Found December 06, 2012 on Larry Brown Sports:

Via Larry Brown Sports:

Brian Rice passed up the opportunity to play Division-II basketball 25 years ago when he decided to join the Navy. He was a promising high school player with a passion for hoops, but Rice felt he wasn’t “mature” enough to attend college. Now 43 years old and retired from the military, the Geneva College walk-on has decided it is never too late.

That’s right, Rice plays basketball for the Geneva (Pa.) College Golden Tornadoes, where he averaged 1.6 points and 1.2 rebounds during his first five games against opponents that are less than half his age.

“I have to ice my knees now and again and sometimes I’ll go over to the ‘Y’ and get in the Jacuzzi but I’ve been able to handle the physical part of this,” Rice told the Beaver County Times. “I’m 43 but I don’t feel 43. I feel a lot younger than that.”

Rice’s high school coach, New Castle’s Ralph Blundo, spoke with Geneva coach Jeff Santarsiero and insisted that they give Rice a chance even though he is a full 25 years older than the average player Santarsiero is used to evaluating.

“Ralph is telling me this guy is 43 years old and wants to play college basketball and I’m thinking, ‘What are the chances a 43-year-old man is going to be able to play on the college level?’” Santarsiero said. “Ralph assured me he was in great shape and I should at least meet with him.”

Apparently Blundo was not crazy. The 6-foot-2 Rice said there were very few days in the Navy where he didn’t play basketball, so it’s no surprise his skills have remained sharp after all these years. However, one of the main reasons for his desire to return was to once again be a part of a team.

“I also wanted to continue to enjoy that camaraderie you have with your teammates,” Rice explained. “That’s meant a lot to me. There is obviously an age difference but these guys have accepted me as a teammate and appreciate the life’s experiences that I have. I’m having a lot of fun with them.”

Santarsiero has not ruled out the possibility of Rice becoming a more significant part of Geneva’s rotation as the season rolls on. Like the boxer who made his professional debut at age 52 or the goalie who was signed as a professional backup after he surpassed the half-century mark, we can do nothing but tip our cap to people like Rice. If I can reach the rim of a 10-foot hoop with a Nerf ball when I’m in my 40s, I’ll consider that an accomplishment.

Photo via Geneva.edu

5 Comments:
  • Way to go Brian. Went back to college when I was 35.

    Look forward to seeing him in March Madness.
  • may god bless you my brother Im 51 years old and considering a comeback to try out for an NBA team who needs a strong back up shooting guard at 6'2
  • first of all, i'm a University of Kentucky fan. that said, way back in 1988, in what was Eddie Sutton's best year as a U K coach by far, and after U K missed the final four by one point in the 4th game against LSU, the seniors and a team of old timers toured the state to give fans from everywhere a chance to see real live U K players.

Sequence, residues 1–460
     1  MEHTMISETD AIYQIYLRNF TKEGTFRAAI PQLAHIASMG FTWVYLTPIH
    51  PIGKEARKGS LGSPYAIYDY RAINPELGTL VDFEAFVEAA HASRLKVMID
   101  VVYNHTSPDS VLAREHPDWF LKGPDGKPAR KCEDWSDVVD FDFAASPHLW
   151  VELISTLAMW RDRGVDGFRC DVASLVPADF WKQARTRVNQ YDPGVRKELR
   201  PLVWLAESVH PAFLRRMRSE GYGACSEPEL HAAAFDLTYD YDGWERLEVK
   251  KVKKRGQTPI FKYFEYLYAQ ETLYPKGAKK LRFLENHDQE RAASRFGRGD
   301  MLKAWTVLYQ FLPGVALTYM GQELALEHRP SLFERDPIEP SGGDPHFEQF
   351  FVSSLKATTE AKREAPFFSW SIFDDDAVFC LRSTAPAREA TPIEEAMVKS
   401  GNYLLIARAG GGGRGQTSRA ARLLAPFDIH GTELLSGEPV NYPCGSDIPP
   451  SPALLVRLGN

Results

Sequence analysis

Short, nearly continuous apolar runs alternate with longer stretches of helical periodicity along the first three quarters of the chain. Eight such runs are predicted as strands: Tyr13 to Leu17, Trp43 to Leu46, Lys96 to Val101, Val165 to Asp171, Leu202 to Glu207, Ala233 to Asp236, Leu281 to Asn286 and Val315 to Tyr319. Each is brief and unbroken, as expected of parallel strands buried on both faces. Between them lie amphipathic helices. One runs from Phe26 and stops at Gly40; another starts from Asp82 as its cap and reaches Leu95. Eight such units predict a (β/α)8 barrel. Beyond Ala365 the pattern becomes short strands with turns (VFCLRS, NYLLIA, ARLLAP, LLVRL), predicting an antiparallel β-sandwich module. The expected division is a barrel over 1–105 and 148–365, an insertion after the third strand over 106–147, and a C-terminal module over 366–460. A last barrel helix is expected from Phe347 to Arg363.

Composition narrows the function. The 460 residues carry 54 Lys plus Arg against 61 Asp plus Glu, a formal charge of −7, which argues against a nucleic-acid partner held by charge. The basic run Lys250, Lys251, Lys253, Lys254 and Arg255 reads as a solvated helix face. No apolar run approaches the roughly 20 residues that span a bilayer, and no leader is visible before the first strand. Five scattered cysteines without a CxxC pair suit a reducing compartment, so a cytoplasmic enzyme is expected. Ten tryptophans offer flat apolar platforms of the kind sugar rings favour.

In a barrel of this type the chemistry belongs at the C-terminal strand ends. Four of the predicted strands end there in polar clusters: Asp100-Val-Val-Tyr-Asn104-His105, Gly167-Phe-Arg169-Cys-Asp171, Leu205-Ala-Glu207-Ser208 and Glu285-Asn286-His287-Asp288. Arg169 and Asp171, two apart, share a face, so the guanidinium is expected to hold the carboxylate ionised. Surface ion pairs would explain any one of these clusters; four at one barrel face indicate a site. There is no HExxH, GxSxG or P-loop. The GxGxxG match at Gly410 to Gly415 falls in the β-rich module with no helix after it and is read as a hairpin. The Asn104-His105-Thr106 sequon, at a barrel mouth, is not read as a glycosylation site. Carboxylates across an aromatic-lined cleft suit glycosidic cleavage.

on the day of the exhibition, Goose Givens was out front selling programs. He was an integral part of Joe B's 1978 champs. And there were former U K players everywhere, literally. that was the reason i was there.
    well, to tell the truth i was there to meet one player in particular, former U K guard Louie Dampier. Louie was one of Rupps Runts, but that wasn't where i knew him from. i knew him from his days in the American Basketball Association and the Kentucky Colonels. and Louie was one of the best from beyond the three-point arc in that now-defunct league.
    again, i'm from the outback and i had to tune in to WHAS, the Louisville 50,000 watt am station to hear the Colonel games. i sweated out so many Colonel games and i was going to see Louie and get his autograph.
    thing was, Louie was 43 years old. yes, he had a long and distinguished pro career, but 43, man, c'mon, how you gonna run with players who are, well, 20 some years younger?
    but Louie did. he came in late, but he played like his heart was in it. and he played with that year's seniors and outplayed a lot of his younger teammates.
    btw, i had a lot of autographs, but i had to wait in the gym until almost everyone was gone before Louie even came out. but i had too much time invested in him to let him get away from me now. so i waited and when he came out of the locker room, i buttonholed him and told him all about the games on WHAS and how he was still my favorite all-time Colonel and then asked him very nicely for his autograph.
    the man never cracked a smile or moved one way or another, and you could tell he wanted nothing more than to get away from this fanatic, but he did give me his autograph, and i still have my program and his autograph, lo,these 24 years later. and mine is the hand that shook the hand of Louie Dampier that day, a man who showed as well as anyone that age does not define heart.
  • And you are very windy.
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